For as long as I can remember, NBC has one of the first things that I think of when I hear about the Olympics. Either Winter or Summer games coverage, NBC's special jingle and great broadcasting teams have made the experiences undoubtedly unique. And I was one of the first to blame the American public for the financial deficit facing NBC this winter.
But whether it was Dick Ebersol or some other high-up T.V. executive, the decisions made during these games by NBC have been nothing short of embarrassing.
I live in the Pacific Time Zone. The Olympics, in all of my life, have never been in my time zone. And yet, I can't watch snow-cross, women's downhill, or men's moguls live. This doesn't make any amount of sense.
To those that say they like watching the Olympics at night like it is now, do you really think you wouldn't be able to watch the games at the times of their events? And couldn't NBC have the same kind of show it has now on another one of their networks and people could still have their Olympic fix after dinner? This is only one of the NBC failures.
The most upsetting offense came Feb. 21 as the United States and Canada took to the ice in Men's Hockey. NBC had the chance to broadcast the game that millions of North Americans would watch with great interest. Instead, NBC felt that more Americans would rather watch Russia and the Czech Republic.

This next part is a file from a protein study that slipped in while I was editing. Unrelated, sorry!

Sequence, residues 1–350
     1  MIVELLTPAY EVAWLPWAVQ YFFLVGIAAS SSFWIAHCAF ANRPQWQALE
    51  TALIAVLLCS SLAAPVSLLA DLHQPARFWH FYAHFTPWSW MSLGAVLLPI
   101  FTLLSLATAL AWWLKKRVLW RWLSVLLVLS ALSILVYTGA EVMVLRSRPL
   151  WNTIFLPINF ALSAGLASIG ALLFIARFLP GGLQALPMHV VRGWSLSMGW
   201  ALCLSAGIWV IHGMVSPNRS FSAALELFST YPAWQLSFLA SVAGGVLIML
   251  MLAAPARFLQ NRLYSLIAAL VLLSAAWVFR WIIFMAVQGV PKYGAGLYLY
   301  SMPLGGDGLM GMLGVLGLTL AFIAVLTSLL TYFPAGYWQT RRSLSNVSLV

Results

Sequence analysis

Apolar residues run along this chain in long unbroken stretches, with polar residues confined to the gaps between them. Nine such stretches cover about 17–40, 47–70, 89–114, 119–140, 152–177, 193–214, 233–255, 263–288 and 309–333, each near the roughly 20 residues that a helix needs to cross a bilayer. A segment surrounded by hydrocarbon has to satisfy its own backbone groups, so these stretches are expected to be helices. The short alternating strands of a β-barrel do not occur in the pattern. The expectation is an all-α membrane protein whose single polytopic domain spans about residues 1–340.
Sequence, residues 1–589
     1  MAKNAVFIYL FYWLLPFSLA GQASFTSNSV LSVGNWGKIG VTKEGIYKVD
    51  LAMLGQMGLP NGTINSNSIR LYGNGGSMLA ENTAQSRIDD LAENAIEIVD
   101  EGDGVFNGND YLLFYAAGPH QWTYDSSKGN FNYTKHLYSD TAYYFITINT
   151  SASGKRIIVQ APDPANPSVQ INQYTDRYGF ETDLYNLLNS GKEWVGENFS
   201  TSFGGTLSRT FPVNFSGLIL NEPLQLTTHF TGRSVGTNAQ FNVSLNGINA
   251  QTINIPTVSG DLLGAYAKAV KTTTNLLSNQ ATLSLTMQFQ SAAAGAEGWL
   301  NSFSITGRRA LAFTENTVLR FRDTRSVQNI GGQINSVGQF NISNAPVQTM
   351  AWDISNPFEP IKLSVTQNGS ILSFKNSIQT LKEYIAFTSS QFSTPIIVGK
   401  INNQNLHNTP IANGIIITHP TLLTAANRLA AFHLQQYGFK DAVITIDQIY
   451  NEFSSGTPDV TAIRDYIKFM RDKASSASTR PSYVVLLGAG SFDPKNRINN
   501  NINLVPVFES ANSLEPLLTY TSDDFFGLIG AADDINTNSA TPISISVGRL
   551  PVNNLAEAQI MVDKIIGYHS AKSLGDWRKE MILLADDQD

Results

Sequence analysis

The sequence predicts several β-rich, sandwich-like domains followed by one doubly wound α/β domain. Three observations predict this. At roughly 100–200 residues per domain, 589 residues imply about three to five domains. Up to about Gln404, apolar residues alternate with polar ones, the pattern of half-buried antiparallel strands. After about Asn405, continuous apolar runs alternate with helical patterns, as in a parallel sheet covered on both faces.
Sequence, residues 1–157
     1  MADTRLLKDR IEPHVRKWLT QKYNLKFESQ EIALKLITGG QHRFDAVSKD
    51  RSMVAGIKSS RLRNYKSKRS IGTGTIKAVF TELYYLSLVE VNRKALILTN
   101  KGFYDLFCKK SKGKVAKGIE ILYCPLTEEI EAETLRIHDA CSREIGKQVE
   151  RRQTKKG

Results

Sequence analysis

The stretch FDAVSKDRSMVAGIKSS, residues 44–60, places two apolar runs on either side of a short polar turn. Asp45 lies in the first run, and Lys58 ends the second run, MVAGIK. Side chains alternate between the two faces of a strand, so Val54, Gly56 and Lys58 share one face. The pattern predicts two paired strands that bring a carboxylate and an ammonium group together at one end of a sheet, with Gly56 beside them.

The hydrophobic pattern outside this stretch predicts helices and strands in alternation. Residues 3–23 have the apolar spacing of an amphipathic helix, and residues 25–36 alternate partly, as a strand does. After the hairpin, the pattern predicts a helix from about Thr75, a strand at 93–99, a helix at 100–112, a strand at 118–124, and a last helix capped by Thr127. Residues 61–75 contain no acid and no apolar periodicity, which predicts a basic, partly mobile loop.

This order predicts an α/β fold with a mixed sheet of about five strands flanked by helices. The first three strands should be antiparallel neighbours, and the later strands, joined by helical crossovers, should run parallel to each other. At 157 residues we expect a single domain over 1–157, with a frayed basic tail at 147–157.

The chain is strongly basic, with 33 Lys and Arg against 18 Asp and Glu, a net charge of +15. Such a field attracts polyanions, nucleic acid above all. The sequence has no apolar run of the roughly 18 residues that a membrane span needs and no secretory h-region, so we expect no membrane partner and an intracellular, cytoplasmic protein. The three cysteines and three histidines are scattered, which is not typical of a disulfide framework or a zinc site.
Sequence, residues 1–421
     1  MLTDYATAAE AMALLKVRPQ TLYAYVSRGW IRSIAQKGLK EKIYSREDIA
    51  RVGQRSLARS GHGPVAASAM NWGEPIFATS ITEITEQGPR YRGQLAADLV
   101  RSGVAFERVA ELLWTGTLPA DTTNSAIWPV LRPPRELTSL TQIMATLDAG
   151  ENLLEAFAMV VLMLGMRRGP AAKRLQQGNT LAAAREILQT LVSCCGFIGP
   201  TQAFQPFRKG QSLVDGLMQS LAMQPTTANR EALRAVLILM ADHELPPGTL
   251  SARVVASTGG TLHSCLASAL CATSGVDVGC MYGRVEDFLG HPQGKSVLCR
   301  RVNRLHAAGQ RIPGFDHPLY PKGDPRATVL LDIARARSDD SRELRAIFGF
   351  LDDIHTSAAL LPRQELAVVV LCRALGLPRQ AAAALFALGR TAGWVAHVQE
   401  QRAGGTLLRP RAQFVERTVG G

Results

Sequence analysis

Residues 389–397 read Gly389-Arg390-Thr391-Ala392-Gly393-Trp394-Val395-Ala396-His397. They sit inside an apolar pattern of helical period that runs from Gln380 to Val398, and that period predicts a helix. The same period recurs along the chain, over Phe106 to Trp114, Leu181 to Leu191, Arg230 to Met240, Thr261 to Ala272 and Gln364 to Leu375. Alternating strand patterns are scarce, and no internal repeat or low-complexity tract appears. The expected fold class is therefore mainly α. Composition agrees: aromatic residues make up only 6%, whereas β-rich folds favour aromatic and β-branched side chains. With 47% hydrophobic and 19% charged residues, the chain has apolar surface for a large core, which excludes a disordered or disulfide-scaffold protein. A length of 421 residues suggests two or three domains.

Are there really that many Russian or Czech-Americans?
Notice this problem has nothing to do with time zones or scheduling game times; this has everything to do with the simple fact that NBC screwed up. The Canada-USA matchup needs to be on the main network, not the much secondary MSNBC or CNBC channels. If NBC can justify this to the small town family in Minnesota, Wisconsin, Massachusetts, and Illinois that don't have MS or CNBC, then I will happily eat my words.
I am aware that both Russia and the Czech Republic have great teams and amazing players, but I want to see my countrymen in action. I have been wanting to see Patrick Kane, Ryan Miller, and Jack Johnson in action since the initial roster was announced, and instead of watching them in HD at home with my friends I have to find another location that has MSNBC. Not very smart.
My solution to the NBC failure is simple: ESPN. Why not have a network that has all the different channels to sustain full Olympic coverage? There is no question that NBC would be one of the first channels I would turn to when looking for news and cultural events, but ESPN is where I would turn to for all things sports. Tiger's interview? ESPN. Post Super Bowl coverage? ESPN. The NCAA basketball conference championships? ESPN. It makes sense to have sports on a sports-specific network.
NBC has had a great run with the Olympics, but now it's obvious that their priorities are poorly placed. It's time to turn to a network and family of channels that know how to broadcast sports and maintain the great sports experience because NBC clearly doesn't know how to do Olympic coverage at the highest level anymore.